A recent US study has found that moderately high amounts of grape seed extract may blunt salt-sensitive hypertension as well as plant estrogens do.
40–50 Million in US have hypertension
The study’s findings may be important for the increasing number of women entering middle age. It is estimated that between 40 and 50 million Americans have hypertension. This debilitating medical disorder becomes more prevalent with increasing age. Men with hypertension outnumber women with hypertension during young adulthood and early middle age, but hypertension rapidly increases in women after menopause, and they soon outnumber men with hypertension.
Researchers wanted to determine if the polyphenols in grape seed extract could provide similar benefits as plant estrogens. Previous research found that plant estrogens from soy can reduce salt-sensitive hypertension in young, estrogen-depleted spontaneously hypertensive rats (SHR).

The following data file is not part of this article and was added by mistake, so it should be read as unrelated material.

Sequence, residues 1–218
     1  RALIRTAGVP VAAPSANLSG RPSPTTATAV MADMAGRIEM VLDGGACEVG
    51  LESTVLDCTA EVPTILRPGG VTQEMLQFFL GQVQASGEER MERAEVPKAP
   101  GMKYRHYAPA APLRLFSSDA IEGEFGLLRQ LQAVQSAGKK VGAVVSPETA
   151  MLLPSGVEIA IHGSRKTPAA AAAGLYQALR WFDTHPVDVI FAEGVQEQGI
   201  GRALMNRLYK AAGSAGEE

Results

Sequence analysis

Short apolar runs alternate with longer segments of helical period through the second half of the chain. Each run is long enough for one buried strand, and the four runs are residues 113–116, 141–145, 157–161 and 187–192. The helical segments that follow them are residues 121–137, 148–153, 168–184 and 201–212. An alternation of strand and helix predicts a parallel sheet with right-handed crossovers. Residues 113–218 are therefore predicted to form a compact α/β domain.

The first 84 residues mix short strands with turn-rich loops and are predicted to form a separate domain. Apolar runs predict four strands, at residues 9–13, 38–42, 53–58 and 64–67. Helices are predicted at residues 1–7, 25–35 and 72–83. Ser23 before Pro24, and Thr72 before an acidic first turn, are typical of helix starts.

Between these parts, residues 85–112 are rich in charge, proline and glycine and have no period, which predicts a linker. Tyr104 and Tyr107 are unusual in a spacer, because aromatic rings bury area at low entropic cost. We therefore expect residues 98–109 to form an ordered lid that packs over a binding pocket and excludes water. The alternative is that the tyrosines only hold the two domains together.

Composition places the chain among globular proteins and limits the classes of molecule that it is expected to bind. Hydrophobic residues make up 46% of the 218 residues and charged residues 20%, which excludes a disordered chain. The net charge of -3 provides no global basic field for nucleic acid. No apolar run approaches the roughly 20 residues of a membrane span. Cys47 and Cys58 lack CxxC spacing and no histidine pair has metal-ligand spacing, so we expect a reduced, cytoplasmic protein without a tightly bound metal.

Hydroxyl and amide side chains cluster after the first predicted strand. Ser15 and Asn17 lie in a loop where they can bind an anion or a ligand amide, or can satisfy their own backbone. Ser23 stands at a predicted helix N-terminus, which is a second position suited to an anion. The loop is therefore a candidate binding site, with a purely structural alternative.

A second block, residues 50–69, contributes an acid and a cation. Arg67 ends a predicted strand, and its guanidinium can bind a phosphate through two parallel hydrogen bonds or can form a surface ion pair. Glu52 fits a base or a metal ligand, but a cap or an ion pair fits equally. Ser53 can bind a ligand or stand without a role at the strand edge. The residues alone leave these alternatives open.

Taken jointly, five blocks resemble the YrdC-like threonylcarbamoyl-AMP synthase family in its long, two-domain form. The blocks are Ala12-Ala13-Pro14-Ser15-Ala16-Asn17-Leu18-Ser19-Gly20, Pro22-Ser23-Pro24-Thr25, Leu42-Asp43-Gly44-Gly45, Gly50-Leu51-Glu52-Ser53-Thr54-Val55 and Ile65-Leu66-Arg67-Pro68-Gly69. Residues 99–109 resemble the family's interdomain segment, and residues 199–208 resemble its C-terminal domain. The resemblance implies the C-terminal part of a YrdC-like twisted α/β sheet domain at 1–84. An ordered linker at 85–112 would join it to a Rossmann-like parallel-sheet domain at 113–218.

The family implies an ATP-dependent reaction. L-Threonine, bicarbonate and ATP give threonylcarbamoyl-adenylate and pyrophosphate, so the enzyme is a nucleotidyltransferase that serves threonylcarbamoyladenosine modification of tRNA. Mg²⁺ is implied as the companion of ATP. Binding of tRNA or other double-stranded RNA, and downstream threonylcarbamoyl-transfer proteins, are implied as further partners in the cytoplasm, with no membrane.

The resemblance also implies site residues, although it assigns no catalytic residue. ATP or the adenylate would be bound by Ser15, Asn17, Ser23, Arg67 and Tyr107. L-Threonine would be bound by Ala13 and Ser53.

Extract reduces hypertensive effects
This study concluded that grape seed extract does reduce the hypertensive effects of a high salt diet in the rats to about the same degree as plant estrogens. That means that grape seed extract may be a useful supplement to control hypertension in postmenopausal women.
Hypertension is related to coronary artery disease (CAD), stroke and renal disease. Past research has found that for every 7.5 mm Hg increase in diastolic blood pressure, the risk for coronary heart disease increases 29% and stroke risk increases 46%.